For what it's worth, if your obstetric consultant is aware of your MH condition, and anxiety about the birth, their conduct in not agreeing to a C section thus far is pretty poor. I hope the psych re-educates them about how to ensure the needs of those with MH conditions are met.

Best of luck!

MisshapesMistakes Mon 22-Aug-16 01:52:32

I don't think you'll be denied it either, but to give you some comfort, I was in the same position, same odds of psychosis too. Stayed on my medication during pregnancy and then stopped it when I went into labour - which lasted 3 days! I didn't sleep all that time nor the day after my EMCS. Had an epidural. I was a bit loopy but adrenaline had taken over and I didn't get ill. Just to say it's not a certainty even with sleep deprivation but it sounds like you're being very sensible. Good luck!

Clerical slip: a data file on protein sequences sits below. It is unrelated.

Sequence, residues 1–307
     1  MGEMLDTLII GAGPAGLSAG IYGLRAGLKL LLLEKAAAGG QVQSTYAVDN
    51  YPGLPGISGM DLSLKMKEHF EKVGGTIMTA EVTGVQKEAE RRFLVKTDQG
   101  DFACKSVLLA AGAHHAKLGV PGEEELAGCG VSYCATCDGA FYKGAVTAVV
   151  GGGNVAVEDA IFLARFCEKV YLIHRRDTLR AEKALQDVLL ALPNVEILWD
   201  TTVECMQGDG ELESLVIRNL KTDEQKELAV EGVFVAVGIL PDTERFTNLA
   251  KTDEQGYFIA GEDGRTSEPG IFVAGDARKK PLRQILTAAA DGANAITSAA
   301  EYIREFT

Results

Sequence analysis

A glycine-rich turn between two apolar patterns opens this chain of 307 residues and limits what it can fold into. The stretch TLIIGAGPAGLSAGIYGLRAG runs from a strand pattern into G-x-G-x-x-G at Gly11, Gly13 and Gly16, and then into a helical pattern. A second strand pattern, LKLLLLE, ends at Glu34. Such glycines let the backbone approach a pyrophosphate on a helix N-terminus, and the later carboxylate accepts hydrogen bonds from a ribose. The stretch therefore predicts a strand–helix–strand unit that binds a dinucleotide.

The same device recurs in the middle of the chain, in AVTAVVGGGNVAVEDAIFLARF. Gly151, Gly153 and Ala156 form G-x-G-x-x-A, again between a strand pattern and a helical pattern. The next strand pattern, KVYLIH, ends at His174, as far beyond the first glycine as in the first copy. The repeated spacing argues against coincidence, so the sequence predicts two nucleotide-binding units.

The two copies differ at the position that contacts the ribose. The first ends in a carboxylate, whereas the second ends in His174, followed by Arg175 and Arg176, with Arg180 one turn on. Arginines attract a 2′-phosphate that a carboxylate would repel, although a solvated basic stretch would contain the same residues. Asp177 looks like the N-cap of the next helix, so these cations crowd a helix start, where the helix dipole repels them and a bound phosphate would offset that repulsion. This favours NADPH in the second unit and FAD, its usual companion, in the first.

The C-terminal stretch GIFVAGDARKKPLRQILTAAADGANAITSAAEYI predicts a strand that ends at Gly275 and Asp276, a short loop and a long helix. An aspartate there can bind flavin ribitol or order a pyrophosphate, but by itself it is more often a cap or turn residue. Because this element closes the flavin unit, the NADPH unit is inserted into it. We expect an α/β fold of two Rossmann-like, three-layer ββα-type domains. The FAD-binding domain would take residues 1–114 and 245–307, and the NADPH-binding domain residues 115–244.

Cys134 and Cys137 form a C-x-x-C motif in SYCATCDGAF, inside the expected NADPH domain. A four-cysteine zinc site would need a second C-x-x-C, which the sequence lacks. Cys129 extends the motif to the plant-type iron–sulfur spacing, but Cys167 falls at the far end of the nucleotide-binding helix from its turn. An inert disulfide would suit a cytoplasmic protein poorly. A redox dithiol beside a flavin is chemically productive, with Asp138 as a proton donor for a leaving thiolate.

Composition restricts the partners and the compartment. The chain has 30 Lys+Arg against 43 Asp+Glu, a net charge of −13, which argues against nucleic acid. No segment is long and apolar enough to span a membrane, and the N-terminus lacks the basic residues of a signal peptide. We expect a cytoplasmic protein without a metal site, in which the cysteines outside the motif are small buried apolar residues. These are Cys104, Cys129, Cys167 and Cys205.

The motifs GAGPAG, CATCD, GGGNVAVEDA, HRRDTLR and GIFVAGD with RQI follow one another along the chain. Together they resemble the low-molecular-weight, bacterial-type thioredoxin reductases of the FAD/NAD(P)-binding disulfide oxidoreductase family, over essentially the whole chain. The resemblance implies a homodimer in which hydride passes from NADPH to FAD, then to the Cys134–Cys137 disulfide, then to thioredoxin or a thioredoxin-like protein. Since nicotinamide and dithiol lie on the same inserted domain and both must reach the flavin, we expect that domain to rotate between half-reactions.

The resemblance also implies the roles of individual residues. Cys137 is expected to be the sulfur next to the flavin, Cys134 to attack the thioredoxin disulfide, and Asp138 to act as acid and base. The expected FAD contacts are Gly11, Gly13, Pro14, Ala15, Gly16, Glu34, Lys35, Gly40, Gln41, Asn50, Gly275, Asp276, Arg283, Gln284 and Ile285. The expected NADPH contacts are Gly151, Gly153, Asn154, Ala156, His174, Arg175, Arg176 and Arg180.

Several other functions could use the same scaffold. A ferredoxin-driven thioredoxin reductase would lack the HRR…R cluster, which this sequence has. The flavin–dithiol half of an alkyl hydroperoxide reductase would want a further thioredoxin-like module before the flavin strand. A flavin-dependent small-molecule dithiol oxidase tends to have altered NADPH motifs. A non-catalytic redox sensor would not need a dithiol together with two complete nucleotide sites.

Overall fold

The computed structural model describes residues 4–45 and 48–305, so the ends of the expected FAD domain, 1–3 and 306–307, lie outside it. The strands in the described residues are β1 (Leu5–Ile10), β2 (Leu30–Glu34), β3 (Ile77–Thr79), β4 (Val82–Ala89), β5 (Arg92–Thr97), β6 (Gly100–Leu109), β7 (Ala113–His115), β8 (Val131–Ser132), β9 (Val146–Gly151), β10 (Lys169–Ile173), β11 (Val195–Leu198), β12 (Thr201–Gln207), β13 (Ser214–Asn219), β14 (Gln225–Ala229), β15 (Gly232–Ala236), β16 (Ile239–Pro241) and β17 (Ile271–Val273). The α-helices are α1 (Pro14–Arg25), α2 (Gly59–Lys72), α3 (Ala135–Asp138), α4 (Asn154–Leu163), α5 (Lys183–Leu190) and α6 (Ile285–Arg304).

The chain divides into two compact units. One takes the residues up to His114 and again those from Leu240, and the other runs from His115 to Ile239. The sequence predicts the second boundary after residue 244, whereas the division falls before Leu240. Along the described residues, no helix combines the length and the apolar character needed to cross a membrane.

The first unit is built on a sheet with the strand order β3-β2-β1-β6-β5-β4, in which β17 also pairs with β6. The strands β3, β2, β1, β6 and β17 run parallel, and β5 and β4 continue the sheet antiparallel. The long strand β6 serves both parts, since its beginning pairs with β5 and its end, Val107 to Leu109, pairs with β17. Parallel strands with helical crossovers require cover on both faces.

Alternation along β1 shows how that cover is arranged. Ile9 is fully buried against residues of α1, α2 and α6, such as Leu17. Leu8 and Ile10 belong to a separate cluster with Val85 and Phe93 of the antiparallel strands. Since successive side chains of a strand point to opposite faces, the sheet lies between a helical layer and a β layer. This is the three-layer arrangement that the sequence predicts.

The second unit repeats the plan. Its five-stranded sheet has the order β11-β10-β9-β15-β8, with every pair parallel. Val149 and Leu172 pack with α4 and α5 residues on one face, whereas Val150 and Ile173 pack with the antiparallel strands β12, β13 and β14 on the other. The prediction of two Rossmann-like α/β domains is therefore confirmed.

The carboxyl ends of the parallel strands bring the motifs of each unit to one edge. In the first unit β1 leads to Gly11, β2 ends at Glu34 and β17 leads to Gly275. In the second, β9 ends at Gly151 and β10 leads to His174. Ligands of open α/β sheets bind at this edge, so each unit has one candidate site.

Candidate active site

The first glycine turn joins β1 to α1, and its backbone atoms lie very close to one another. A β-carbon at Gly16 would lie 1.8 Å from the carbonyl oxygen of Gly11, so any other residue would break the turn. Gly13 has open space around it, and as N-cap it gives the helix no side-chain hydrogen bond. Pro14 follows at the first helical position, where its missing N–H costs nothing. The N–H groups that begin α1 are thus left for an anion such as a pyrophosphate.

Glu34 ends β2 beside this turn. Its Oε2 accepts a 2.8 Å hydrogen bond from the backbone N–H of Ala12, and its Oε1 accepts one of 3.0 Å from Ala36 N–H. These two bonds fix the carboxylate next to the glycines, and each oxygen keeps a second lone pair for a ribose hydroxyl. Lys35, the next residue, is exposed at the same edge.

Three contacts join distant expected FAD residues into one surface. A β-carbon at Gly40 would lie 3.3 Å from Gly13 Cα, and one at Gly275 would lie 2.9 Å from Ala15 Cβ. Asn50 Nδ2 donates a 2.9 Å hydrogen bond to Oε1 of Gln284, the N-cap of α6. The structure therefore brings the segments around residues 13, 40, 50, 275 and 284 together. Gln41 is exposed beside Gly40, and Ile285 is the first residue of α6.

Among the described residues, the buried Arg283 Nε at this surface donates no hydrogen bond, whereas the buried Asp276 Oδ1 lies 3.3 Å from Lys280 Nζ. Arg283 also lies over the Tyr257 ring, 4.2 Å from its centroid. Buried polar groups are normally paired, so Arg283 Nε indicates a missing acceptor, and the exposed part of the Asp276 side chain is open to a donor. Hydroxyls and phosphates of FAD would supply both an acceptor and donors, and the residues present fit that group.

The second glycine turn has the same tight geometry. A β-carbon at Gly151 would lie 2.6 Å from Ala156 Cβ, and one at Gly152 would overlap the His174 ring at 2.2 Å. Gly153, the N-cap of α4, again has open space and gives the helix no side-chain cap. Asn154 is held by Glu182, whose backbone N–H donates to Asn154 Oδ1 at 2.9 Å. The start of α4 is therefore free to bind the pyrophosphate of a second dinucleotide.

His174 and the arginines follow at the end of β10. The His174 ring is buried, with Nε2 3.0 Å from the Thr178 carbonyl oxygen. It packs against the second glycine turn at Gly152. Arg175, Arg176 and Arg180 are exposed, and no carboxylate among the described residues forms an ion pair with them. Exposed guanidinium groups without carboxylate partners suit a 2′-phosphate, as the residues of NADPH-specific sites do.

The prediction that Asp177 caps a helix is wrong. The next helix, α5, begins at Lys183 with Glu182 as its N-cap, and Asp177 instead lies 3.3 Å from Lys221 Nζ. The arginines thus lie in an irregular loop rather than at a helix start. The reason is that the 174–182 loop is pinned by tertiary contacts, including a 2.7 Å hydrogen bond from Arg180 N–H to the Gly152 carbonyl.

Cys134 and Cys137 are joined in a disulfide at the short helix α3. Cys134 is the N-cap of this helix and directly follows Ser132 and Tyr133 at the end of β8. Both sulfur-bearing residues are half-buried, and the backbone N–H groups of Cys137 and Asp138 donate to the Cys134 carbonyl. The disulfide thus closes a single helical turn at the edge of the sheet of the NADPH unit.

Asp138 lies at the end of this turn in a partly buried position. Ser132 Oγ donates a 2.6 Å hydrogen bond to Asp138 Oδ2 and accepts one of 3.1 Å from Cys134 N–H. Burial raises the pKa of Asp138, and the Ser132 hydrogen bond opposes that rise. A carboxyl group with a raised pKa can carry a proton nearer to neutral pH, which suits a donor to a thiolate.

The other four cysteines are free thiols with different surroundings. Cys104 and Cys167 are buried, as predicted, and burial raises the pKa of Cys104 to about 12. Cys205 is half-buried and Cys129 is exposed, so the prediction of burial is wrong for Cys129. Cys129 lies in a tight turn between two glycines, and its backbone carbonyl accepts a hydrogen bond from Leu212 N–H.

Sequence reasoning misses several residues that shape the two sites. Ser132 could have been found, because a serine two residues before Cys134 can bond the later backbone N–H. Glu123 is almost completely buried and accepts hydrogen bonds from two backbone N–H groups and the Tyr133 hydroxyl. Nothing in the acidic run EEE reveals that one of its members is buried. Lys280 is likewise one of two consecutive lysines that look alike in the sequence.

becciandbump Mon 22-Aug-16 07:29:45

mishapesmistakes oh Thankyou that's so reassuring to hear from someone who has been in a similar position. And yes my obstetrician is fully aware she just is not that personable and I don't feel she understands. I'm very well at the moment with no signs of relapse so im hoping that will go in my favour but I know the psychosis Is down to the drop in pregnancy hormones post partum

becciandbump Mon 22-Aug-16 07:31:20

mishapesmistakes were u advised to stop meds in labour for a reason my psychiatrist hasn't suggested that yet I could ask him

MisshapesMistakes Mon 22-Aug-16 09:01:14

Hey, no I wasn't, but I wanted to be fully aware of what was going on and they made me pretty drowsy.

RedToothBrush Mon 22-Aug-16 15:31:03

Your obstetrician is currently failing you because she is ADDING to and not removing your anxiety over this.